Tuesday, October 18, 2011

The Latest From The Boston Veterans For Peace Smedley D. Butler Brigade- Veterans' Day-November 11th Anti-War March In Boston

Click on the headline to link to the Smedley D. Butler Brigade of Veterans for Peace website.


Friday, November llth

To participate in pre-parade actions at the State House and military recruiters, meet at 10:00AM at the corner of Beacon and Charles across from the Starbucks. Bring signs.

The American Legion parade starts 1PM. We will assemble at noon on the corner of Beacon and Charles and march immediately after them.

Participate in a pre-parade picket of the military recruiting offices on 141 Tremont Street as well as the State House

March with us behind the "official" parade

Join us for a post-parade rally at Faneuil Hall with speakers and live music

Meet us at 10:OOAM on Boston Commons at the corner of Beacon Street and Charles Street across from the Starbucks.

Smedley D. Butler Brigade, Veterans For Peace

Contact us at: info@massvfp.org Facebook: Smedley D. Butler Brigade

http://smedleyvfp.org of Veterans for Peace

Phone: 617-942-0328

Twitter: Smedley Butler VFP

Markin comment 2011:
I am re-posting this entry from last year's Veterans' Day anti-war march as it hits all the main points I want to make on this year's march. Be there!
Thursday, November 11, 2010

*A Stroll In The Park On Veterans Day- Immediate, Unconditional Withdrawal Of All U.S. Troops From Iraq and Afghanistan!

Markin comment:

Listen, I have been to many marches and demonstrations for democratic, progressive, socialist and communist causes in my long political life. However, of all those events none, by far, has been more satisfying that to march alongside my fellow ex-soldiers who have “switched” over to the other side and are now part of the struggle against war, the hard, hard struggle against the permanent war machine that this imperial system has embarked upon. From as far back as in the Vietnam Veterans Against the War (VVAW) days I have always felt that ex-soldiers (hell, active soldiers too, if you can get them) have had just a little bit more “street cred” on the war issue than the professors, pacifists, and little old ladies in tennis sneakers who have traditionally led the anti-war movements. Maybe those brothers (and in my generation it was mainly only brothers) and now sisters may not quite pose the questions of war and peace the way I do, or the way that I would like them to do, but they are kindred spirits.

Now normally in Boston, and in most places, a Veterans Day parade means a bunch of Veterans of Foreign Wars (VFW) or American Legion-types taking time off from drinking at their post bars (“the battle of the barstools”) and donning the old overstuffed uniform and heading out on to Main Street to be waved at, and cheered on, by like-minded, thankful citizens. And of course that happened this time as well. What also happened in Boston this year (and other years but I have not been involved in previous marches) was that the Smedley Butler Brigagde of the Veterans For Peace (VFP) organized an anti-war march as part of their “Veterans Day” program. Said march to be held at the same place and time as the official one.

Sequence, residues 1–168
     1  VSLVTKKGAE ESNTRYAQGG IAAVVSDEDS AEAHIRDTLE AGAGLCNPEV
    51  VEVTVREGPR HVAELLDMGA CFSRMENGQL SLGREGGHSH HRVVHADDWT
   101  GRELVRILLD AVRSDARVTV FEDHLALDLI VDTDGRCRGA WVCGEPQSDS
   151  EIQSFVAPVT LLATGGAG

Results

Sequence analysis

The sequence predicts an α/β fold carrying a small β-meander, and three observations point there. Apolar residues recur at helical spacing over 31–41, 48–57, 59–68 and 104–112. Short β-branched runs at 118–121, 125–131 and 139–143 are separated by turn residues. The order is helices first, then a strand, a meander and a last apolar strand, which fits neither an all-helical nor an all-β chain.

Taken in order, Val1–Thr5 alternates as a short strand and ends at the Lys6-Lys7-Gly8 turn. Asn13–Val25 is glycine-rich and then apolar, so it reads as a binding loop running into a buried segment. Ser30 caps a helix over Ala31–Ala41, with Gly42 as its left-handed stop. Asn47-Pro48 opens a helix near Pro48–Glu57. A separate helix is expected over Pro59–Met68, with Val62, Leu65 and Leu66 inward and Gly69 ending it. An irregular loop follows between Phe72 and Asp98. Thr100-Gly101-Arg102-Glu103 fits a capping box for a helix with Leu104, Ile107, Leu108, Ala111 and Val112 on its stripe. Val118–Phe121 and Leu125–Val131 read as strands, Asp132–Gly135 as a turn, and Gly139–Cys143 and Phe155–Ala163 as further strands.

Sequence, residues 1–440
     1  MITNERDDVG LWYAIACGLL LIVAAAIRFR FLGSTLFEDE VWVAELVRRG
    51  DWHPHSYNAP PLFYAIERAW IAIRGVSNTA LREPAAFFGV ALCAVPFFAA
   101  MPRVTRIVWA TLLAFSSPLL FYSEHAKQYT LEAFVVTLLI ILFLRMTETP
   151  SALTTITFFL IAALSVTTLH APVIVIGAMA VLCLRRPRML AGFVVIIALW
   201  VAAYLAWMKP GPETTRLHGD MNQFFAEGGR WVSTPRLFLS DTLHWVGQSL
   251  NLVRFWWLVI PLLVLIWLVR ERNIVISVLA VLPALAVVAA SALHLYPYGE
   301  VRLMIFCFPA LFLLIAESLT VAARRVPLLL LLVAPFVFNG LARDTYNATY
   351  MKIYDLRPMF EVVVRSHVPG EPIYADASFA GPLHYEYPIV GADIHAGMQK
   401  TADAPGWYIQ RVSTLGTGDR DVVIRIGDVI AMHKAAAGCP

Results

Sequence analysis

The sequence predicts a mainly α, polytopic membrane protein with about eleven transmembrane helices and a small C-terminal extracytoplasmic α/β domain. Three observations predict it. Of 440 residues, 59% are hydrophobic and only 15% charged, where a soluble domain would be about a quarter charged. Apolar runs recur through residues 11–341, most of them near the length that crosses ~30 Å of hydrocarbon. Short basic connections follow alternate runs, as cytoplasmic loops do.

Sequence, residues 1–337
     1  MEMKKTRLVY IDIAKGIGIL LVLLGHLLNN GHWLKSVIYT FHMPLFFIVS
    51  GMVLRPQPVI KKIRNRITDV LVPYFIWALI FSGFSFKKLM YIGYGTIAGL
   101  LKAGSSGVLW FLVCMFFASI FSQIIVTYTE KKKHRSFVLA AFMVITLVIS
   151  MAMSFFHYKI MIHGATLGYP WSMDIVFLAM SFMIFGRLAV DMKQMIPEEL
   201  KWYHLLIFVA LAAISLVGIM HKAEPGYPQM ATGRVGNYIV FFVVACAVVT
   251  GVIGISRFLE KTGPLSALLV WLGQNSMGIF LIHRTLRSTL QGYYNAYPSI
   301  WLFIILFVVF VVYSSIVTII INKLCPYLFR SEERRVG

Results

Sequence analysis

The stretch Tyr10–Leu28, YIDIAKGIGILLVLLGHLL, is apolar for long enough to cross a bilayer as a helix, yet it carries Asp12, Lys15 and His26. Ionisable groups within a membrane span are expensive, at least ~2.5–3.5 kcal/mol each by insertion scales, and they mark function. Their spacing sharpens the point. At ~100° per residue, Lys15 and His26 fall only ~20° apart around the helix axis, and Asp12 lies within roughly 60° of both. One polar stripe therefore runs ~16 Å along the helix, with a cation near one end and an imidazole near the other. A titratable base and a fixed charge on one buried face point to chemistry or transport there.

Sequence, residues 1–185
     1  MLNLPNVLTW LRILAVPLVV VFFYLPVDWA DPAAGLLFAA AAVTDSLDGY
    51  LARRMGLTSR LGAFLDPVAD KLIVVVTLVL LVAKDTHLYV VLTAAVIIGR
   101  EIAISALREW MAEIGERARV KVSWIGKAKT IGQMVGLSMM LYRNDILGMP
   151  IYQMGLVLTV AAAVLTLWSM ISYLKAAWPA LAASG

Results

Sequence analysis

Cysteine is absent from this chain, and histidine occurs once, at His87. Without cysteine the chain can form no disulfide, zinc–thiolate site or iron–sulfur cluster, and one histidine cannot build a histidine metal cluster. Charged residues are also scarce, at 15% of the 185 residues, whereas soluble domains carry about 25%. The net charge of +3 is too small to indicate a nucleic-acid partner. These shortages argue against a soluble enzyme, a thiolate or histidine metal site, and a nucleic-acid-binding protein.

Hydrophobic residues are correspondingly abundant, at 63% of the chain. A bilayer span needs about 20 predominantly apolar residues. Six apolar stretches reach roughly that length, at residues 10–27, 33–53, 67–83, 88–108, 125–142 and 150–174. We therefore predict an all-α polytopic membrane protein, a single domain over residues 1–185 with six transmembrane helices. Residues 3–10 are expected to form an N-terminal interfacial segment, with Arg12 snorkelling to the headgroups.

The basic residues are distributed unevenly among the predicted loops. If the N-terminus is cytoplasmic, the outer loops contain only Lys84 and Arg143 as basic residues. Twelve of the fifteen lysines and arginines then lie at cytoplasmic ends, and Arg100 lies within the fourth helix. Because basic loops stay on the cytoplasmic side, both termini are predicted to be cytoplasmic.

Previously there had been a certain amount of trouble, although I am not sure that it came to blows, between the two groups. (I have only heard third-hand reports on previous events.) You know the "super-patriots" vs. “commie symps” thing that has been going on as long as there have been ex-soldiers (and others) who have differed from the bourgeois party pro-war line. In any case the way this impasse had been resolved previously, and the way the parameters were set this year as well, was that the VFP took up the rear of the official parade, and took up the rear in an obvious way. Separated from the main body of the official parade by a medical emergency truck. Nice, right? Something of the old I’ll take my ball and bat and go home by the "officials" was in the air on that one.

But here is where there is a certain amount of rough plebeian justice, a small dose for those on the side of the angels, in the world. In order to form up, and this was done knowingly by VFP organizers, the official marchers, the bands and battalions that make up such a march, had to “run the gauntlet” of dove emblem-emblazoned VFP banners waving frantically directly in front of their faces as they passed by. Moreover, although we formed the caboose of this thing the crowds along the parade route actually waited as the official paraders marched by and waved and clapped at our procession. Be still my heart. But that response just provides another example of the "street cred” that ex-soldiers have on the anti-war question. Now, if there is to be any really serious justice in the world, if only these vets would go beyond the “bring the troops home” and embrace- immediate, unconditional withdrawal of all U.S./Allied Troops from Iraq and Afghanistan then we could maybe start to get somewhere out on those streets. But today I was very glad to be fighting for our communist future among those who know first-hand about the dark side of the American experience. No question.

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